Edging Toward Enchantment: Incurvatus In Se

In the last two posts we've been talking about how, in our modern, disenchanted world, the self is experienced as "buffered," closed off and isolated from the external world. The disenchanted, buffered self contrasts with the enchanted, porous self that is affected by and vulnerable to the outside world.

In the last post we raised the question of Ross Douthat, that the buffered self might be affecting modern perceptions of the world. Having turned inward on itself the buffered self might be ill-equipped or unable to see or experience the enchantment of the world, a world charged with the grandeur of God.

If this is true then disenchantment and doubt is associated with an introverted experience of faith. Enchantment, by contrast, would be associated with an outward facing, receptive and expectant posture.  

The Latin phrase incurvatus in se--curved inward upon oneself--has often been taken as a classical description of sin. Being curved inward upon yourself was to be prideful and self-focused.

But in our conversations here about disenchantment and enchantment we can think about incurvatus in se in other ways as well. Incurvatus in se describes the faith experience of the disenchanted, buffered self, a faith that is excessively introverted and ruminative, separated from the world and preoccupied with the sorting through the contents of its own mind.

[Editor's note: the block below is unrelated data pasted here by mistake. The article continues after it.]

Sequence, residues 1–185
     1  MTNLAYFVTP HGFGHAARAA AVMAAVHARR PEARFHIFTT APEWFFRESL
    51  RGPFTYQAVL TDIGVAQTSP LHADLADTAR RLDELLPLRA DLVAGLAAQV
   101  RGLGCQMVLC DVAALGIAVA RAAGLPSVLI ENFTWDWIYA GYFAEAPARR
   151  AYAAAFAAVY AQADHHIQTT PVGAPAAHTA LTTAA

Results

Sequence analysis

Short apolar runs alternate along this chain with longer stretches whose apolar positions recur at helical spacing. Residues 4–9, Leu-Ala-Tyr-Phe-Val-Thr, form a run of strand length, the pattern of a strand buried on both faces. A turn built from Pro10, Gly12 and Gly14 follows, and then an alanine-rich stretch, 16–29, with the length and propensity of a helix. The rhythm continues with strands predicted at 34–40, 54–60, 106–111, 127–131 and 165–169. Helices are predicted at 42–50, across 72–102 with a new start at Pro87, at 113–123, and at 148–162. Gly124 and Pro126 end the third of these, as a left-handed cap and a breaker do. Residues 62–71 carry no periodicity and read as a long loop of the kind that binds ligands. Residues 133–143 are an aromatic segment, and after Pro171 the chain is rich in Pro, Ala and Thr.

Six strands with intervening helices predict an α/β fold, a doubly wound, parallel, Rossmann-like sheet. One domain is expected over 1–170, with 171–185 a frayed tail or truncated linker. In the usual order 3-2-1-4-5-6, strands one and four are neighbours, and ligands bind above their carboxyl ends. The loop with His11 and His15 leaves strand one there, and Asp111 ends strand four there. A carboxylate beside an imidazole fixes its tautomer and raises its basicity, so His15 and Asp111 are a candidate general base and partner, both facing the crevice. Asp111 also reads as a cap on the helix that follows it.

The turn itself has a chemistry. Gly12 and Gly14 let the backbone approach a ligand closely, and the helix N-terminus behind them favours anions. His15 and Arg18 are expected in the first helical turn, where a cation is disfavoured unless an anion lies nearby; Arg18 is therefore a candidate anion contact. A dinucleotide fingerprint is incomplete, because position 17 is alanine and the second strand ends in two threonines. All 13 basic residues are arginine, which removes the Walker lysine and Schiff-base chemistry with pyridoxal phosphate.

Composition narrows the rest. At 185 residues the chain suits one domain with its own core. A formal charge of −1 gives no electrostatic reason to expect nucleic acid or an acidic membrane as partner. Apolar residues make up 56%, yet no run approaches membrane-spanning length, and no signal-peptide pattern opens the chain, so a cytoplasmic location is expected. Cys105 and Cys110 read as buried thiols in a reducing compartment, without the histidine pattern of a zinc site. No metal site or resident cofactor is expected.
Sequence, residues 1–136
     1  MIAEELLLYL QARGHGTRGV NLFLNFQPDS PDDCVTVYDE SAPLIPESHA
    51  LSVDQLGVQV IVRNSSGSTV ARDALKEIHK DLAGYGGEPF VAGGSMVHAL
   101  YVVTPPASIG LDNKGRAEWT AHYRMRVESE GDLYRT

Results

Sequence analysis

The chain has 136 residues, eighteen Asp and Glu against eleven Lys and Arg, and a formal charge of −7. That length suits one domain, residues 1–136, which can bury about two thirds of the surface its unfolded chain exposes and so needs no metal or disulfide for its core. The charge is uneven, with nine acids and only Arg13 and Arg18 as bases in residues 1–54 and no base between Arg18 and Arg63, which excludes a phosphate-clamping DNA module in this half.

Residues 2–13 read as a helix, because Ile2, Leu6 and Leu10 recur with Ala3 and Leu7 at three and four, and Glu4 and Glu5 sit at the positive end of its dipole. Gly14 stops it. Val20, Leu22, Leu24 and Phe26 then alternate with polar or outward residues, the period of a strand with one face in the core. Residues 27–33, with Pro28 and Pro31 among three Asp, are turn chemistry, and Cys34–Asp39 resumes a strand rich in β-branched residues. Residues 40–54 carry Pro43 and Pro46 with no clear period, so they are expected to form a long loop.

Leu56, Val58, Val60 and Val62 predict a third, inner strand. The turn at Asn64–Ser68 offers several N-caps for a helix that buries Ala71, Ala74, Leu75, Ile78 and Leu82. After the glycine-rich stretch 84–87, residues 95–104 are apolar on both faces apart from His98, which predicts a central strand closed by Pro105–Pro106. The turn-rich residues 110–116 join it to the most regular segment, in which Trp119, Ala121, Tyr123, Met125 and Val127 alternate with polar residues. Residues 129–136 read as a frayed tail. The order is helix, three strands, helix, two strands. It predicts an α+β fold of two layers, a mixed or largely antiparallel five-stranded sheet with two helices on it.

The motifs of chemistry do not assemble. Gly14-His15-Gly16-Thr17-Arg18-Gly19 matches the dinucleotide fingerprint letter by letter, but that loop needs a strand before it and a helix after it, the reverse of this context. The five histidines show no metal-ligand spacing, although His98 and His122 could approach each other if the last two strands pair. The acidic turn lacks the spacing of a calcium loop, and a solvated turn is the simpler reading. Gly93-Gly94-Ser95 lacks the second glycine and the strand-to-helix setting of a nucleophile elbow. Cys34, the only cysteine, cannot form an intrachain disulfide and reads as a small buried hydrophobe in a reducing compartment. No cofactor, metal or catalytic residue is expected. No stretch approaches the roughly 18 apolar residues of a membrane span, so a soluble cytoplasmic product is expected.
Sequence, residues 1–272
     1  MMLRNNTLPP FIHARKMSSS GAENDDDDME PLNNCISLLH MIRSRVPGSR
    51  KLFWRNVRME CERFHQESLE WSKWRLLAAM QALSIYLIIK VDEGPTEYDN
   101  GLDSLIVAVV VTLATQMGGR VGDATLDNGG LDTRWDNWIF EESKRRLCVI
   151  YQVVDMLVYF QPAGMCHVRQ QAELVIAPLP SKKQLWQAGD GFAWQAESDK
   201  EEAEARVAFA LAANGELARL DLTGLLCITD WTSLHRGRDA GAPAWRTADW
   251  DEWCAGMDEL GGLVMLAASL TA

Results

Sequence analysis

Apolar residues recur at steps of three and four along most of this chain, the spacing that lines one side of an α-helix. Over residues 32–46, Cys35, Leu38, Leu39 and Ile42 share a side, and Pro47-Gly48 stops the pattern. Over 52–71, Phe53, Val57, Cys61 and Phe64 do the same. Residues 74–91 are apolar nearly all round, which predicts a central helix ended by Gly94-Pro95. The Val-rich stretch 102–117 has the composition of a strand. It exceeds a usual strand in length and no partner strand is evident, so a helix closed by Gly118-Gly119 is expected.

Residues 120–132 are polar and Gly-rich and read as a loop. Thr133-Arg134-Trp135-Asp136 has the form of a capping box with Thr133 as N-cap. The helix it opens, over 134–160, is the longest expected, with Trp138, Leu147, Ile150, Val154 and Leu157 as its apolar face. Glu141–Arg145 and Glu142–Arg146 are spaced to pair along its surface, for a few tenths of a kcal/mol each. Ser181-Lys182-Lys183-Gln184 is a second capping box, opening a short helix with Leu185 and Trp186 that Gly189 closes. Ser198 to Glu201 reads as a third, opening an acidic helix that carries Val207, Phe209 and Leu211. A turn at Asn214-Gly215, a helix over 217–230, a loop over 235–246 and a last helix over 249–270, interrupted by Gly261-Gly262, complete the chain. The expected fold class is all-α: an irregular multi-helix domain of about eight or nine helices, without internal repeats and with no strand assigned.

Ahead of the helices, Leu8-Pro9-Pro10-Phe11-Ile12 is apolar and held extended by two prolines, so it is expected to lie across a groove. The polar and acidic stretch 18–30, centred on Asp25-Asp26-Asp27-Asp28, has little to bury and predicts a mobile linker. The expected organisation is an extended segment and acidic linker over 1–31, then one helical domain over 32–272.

Cognitive rumination are hallmarks of doubt and disenchantment. Introverted, cognitive rumination--mental wheels obsessively spinning and spinning in the mind--is the buffered self's experience of faith. 

I think that is true. Disenchanted, doubting Christians tend to be preoccupied with their own thoughts about faith, working hard to get it all sorted out in their minds, getting the answers to all their questions about faith and the bible. The buffered self's experience of faith isn't an outward posture of receptivity but thinking a lot. Questions about God rather than experience with God seem to dominate the faith experience. For example, questions about prayer are more likely to be entertained than actually praying. Criticisms of praise songs are raised over singing praise songs. Concerns about the Bible are voiced over reading the Bible.

All this seems to suggest that edging back toward enchantment may involve getting us out of our heads.

Enchantment is a faith experience that is not incurvatus in se but is, rather, excurvatus ex se.

In opening up the disenchanted, buffered self, enchantment involves being "curved outward" in expectant receptivity to the faith and God's presence in the world.

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